The article makes it sound like both Tina and her son have the same army father, but I’m assuming that’s a typo.

I don’t know a whole lot about theories on gender and identity. I know it’s been argued that people should resist the urge to segregate their children into “boy” and “girl” toy groups. Remember when Mattel brought out the child’s personal computer and the whole brouhaha over programs included? The boy machine was Hot Wheels blue and included all kinds of educational games with the fun stuff. The girl machine was silver with Barbie pink accents and had less education and more Barbie fun games on it. I also have a distant recollection of a study being done where people were allowed time to play with a baby and some were told the baby was a girl and others were told the baby was a boy and depending on what gender the person thought they were holding, they played differently – were generally rougher when they thought it was a boy.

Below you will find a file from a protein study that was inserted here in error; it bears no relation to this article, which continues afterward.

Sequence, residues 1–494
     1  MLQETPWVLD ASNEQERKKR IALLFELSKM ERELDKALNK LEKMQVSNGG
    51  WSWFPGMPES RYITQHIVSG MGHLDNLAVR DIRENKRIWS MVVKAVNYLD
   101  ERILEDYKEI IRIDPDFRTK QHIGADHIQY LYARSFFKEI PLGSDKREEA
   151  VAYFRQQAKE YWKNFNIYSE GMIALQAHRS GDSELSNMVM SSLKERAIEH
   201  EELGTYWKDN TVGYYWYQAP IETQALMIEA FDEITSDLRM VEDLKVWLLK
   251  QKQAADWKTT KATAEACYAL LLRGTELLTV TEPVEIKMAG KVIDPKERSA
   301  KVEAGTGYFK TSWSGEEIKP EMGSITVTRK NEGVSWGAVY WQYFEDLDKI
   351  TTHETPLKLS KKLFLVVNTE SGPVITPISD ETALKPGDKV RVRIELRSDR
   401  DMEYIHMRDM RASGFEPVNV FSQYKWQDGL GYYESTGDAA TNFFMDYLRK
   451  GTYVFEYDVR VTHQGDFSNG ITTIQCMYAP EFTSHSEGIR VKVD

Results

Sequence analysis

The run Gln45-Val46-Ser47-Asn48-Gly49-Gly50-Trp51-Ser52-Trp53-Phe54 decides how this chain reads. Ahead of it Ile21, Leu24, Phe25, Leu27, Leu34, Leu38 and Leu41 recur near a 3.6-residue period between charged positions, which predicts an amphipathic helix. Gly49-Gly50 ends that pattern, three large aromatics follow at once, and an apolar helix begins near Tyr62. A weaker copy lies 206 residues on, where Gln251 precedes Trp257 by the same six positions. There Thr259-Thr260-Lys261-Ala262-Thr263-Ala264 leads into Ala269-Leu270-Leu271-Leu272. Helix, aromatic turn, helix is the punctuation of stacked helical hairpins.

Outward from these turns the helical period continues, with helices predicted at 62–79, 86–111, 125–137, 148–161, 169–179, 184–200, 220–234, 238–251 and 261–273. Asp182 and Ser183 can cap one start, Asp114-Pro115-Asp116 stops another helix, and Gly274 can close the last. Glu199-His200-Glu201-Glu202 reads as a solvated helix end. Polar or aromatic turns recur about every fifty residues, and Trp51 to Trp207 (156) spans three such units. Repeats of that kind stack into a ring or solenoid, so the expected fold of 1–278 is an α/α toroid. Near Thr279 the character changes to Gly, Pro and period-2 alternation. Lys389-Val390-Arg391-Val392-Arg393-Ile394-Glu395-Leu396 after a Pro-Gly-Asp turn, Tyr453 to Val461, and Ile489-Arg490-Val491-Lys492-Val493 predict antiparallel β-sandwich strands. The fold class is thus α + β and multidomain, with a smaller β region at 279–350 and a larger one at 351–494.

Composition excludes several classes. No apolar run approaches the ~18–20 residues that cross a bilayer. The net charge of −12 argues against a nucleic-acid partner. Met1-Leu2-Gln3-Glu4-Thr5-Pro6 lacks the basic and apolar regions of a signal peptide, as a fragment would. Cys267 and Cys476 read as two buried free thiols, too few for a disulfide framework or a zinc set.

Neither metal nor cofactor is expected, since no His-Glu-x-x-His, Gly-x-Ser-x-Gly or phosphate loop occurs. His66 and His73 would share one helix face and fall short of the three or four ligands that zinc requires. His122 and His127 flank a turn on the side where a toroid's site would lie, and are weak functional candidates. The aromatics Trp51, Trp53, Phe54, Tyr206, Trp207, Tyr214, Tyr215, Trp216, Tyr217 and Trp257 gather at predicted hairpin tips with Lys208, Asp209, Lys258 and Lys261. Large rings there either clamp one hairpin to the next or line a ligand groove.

Anyway, according to this Atlantic article, it’s possible to start young kids on puberty blockers if parents decide there’s a need for it. The value of that is not needing a whole lot of medical work to achieve the same goal. It’s also possible to reboot puberty later if necessary, just by stopping the treatment. But, does every kid who feels a conflict need the drugs, or, like a study found in 1987, does their predilection for feminine behaviours just mean they’re gay?